Charitable causes lead Dube to Pro-Am circuit

David Dube has a passion for golf, and helping others.

Anyone familiar with the city of Saskatoon has likely heard of the Dube family.

The well-known business owners have made their mark on the Bridge City with their company, Concorde Group Corp. but they have reached many more Saskatchewanians through their tireless philanthropy work, especially within health care and support. The family has contributed millions of dollars towards the Jim Pattison Children’s Hospital which is nearing completion as well as many efforts towards mental health awareness. David Dube, the company’s president and CEO is also an avid golfer, in fact he adores the game.

An active athlete as a child, Dube played some junior golf but took up football in high school and essentially got away from golf. He did however rehash his passion for the sport after college when he was working in California. Dube spent four to five days on a course with colleagues, one who was a former college and mini-tour professional. He admitted playing with someone much more superior took its toll, but he looked back on some advice his father, Leslie gave him as a youngster.

“When you get to play with someone dramatically better than you it makes me realize what my father told me when I was young. We played billiards together and I was a banger, I hit everything hard,” Dube laughed. “One night he said to me, it’s a lot more fun when you are good at it. Try to get good at it and you will have more fun. I’ve taken that lesson in pretty much everything in life but, particularly in golf.”

Dube, 55, competes in the provincial championships and has dropped his game to about an eight handicap, a far cry from the 20 when he returned to the game after college. He is proud of his improvement over the years but says golf is special because it is a game for life.

“I got the hook when I realized this is something you can do for life,” he said. “I tell people all the time, it’s the only game in the world you can play competitively with your son or daughter. Every other game you can’t, you can coach them, you can do this and that but in golf you can go play the amateur and you can be in the same foursome. I don’t have any kids, but I just think it’s such a great game because you can be competitive at any age.”

Not only is Dube a huge fan of the game, he tends to dress the part. He admitted he has more golf shoes in his closet than other kinds of foot wear he’s owned in his life, combined. He joked that he spends more time working on outfits for the course than how he’s going to play that day.

“When I first figured out you could get your shoes customized by Footjoy, that was like an epiphany for me. Usually they are stress buys, if I’m stressed about work or something I will go online, and I find more golf clothes or I will find different coloured shoes that I want to go with an outfit or three. It’s become kind of legend, I think I have 50 plus pairs of golf shoes. You better be able to play a little bit if you are going to wear some fancy shoes out there,” Dube said.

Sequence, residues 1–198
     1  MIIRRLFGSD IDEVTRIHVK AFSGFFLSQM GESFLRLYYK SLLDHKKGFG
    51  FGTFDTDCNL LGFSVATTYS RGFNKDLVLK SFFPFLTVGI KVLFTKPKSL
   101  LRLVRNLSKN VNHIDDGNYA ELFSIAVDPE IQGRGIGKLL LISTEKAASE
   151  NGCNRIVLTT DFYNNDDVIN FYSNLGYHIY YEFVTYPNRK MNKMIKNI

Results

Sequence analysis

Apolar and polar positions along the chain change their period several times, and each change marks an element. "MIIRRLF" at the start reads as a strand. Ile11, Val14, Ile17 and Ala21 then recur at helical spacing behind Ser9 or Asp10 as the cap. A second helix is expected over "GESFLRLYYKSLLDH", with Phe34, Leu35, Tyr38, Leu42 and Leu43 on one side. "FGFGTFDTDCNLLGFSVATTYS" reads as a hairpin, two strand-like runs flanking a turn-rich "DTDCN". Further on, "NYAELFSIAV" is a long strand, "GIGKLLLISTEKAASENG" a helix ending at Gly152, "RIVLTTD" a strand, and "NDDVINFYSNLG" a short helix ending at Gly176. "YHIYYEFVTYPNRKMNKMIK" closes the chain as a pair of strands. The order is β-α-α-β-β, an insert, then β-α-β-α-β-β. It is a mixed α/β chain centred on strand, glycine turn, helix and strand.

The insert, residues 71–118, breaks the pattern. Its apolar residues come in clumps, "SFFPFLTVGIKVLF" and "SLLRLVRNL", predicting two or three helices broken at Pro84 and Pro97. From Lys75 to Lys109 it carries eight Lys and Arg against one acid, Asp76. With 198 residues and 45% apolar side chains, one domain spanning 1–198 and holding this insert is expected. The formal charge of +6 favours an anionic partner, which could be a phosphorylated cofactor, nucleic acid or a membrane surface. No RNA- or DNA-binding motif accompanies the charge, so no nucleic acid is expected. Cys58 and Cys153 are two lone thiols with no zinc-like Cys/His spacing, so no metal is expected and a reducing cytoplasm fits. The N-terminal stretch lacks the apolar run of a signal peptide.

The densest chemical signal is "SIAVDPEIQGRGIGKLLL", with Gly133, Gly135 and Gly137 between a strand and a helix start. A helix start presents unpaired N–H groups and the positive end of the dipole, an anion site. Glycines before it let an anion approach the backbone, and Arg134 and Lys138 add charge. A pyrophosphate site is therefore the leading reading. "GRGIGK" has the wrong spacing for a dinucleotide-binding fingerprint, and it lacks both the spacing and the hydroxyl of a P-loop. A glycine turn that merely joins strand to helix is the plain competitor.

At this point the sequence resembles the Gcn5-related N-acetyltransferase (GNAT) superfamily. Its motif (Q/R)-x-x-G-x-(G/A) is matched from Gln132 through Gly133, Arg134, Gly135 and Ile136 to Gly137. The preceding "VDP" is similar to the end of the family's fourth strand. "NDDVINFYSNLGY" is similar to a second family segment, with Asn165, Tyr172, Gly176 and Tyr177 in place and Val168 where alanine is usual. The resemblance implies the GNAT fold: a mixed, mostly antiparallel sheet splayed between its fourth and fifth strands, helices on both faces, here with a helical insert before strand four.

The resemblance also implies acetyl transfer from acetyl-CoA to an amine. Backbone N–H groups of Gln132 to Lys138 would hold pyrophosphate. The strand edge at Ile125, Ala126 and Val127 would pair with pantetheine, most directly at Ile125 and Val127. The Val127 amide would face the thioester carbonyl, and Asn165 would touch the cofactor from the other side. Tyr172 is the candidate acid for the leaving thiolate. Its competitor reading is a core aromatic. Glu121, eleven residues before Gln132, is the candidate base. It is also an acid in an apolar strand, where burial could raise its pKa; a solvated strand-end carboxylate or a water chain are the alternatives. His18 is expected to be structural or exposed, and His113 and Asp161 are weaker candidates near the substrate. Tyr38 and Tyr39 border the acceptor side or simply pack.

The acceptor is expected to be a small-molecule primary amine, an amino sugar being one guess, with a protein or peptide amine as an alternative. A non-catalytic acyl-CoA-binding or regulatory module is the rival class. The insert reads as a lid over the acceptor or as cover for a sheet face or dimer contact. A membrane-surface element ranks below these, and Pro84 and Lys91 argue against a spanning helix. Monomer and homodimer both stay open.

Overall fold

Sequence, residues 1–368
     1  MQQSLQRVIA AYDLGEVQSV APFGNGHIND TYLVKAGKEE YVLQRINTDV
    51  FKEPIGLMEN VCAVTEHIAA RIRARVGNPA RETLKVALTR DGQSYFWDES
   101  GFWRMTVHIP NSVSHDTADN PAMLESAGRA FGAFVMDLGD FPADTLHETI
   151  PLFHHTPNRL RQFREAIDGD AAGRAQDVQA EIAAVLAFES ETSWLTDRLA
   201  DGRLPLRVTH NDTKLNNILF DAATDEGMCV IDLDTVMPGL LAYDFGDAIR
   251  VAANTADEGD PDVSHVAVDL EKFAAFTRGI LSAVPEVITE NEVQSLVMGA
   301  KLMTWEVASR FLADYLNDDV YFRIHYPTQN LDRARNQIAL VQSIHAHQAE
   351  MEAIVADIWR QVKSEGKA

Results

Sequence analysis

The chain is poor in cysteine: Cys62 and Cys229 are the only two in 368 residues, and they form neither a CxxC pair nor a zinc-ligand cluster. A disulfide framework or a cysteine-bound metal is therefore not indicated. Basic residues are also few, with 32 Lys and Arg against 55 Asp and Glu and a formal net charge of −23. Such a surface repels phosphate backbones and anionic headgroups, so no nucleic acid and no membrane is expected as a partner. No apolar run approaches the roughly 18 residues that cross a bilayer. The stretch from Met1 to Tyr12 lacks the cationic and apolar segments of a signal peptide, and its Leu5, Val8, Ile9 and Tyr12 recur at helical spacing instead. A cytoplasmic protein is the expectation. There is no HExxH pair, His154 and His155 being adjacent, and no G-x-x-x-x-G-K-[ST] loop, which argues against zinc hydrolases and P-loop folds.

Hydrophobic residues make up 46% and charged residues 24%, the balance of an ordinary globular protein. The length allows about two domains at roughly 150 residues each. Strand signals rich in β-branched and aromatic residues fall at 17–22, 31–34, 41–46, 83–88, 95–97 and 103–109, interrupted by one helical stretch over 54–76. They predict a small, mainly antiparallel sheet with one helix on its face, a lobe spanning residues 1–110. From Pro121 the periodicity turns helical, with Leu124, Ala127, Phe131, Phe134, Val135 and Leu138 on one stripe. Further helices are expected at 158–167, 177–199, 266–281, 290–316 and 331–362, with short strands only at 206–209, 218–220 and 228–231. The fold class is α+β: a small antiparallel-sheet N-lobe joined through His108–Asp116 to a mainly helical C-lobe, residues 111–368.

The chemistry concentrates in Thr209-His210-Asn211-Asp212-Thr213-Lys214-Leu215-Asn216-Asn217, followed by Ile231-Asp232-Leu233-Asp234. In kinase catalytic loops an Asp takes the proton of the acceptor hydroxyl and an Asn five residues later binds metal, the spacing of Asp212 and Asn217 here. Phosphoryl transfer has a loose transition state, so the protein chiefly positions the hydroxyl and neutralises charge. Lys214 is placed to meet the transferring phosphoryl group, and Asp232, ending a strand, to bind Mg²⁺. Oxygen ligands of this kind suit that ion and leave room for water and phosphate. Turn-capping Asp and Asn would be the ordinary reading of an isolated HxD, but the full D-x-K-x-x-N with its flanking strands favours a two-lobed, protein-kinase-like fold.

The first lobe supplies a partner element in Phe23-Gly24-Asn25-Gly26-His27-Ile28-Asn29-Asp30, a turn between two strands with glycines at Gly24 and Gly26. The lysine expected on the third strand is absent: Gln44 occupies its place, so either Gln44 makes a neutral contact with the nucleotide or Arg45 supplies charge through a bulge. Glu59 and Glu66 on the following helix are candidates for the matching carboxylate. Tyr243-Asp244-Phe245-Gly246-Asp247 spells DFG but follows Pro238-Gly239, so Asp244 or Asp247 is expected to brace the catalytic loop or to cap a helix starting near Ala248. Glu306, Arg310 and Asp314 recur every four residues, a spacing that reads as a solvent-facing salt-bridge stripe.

He does retire them to Golf Saskatchewan hoping they land on the feet of a player that maybe can’t afford to supply their own.

In 2008 Masters champion Mike Weir was in Saskatoon for an event to raise money for the children’s hospital. The Concorde Group was the title sponsor and Dube was able to spend part of the round playing with the Canadian icon. Through the event he then purchased an auction item to have a chance to caddy for Weir during a PGA Tour event in Phoenix. From there he was hooked on professional golf and started getting into some Pro-Am events on the tour including the Phoenix Open two years in a row.

“The first one I played was with Rocco Mediate and Rocco is such a great character on the course. The next year I played with Hunter Mahan. You got to meet the guys and spend some time with them. When you get 18 holes with a guy you know more about him in 18 holes than if you were his neighbour for 10 years,” Dube said.

Dube’s team finished in third place back-to-back years. He is a regular at the Canadian Open Pro-Am but now he’s gotten a chance to play at the AT&T Pro-Am, he considers that the ultimate experience for an amateur player. Upwards of 60,000 people attend the event. When asked about the nerves prior to a shot he said the spectators aren’t there to watch him play.

“It’s quiet, everyone is quiet. It can either unnerve you or how is it any different from playing your Saturday round with your buddies. It’s pretty much the same thing,” he quipped.

Dube has travelled across North America and played top golf courses and has shared the links with pros and celebrities alike. He said actor Andy Garcia is his favourite person to play with. The Ocean’s 11 star once gave his jacket to Dube’s wife during a chilly round during one event. He said it’s a blessing to have some outstanding opportunities over the years.

“I had never dreamt of this, and I was playing with an 18, 19, or 20 handicap no one would want me out there. It never crossed my mind until I started taking the game seriously and got a chance to play with Mike,” he said.

Dube added that the benefits of his family’s philanthropy work was not expected or warranted. He said they simply want to make a better life in the community that has given them so much.

“We’re fortunate enough to have had some degree in success in business and in life so when we have the opportunity to help out we try to make it part of our mission as a company and people. We’re trying in our own way to make things a little bit better,” he said.

You can hear much more from Dube who spoke with Golf Saskatchewan’s Clark Stork earlier this week.